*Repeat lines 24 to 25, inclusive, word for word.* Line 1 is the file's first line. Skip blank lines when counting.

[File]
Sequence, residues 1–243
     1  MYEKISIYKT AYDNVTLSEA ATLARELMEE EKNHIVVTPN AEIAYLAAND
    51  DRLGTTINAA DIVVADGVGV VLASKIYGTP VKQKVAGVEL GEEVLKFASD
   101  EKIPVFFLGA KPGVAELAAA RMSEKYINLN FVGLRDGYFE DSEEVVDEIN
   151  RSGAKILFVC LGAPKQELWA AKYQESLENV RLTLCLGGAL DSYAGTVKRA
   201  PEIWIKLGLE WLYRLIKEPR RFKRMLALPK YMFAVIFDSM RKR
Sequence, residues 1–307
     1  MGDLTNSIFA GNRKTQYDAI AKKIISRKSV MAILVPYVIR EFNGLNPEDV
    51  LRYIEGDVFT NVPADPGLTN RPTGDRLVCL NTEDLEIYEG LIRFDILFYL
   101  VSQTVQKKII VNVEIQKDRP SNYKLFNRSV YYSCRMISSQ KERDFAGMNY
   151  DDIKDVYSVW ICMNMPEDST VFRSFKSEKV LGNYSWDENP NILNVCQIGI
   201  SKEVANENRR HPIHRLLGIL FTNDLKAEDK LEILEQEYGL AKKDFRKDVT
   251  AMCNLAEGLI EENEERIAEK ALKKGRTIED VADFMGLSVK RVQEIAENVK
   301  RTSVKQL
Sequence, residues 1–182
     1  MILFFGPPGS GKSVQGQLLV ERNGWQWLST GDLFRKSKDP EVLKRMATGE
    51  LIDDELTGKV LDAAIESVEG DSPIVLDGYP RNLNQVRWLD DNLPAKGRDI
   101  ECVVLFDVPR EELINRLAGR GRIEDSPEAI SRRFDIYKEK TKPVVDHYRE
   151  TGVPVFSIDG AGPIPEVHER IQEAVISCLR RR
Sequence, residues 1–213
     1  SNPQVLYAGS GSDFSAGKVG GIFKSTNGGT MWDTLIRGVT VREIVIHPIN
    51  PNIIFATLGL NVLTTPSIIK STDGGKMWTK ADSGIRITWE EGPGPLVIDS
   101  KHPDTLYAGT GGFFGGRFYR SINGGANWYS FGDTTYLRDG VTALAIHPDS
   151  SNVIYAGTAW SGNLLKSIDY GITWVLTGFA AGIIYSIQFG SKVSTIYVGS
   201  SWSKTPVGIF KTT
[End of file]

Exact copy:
   151  SNVIYAGTAW SGNLLKSIDY GITWVLTGFA AGIIYSIQFG SKVSTIYVGS
   201  SWSKTPVGIF KTT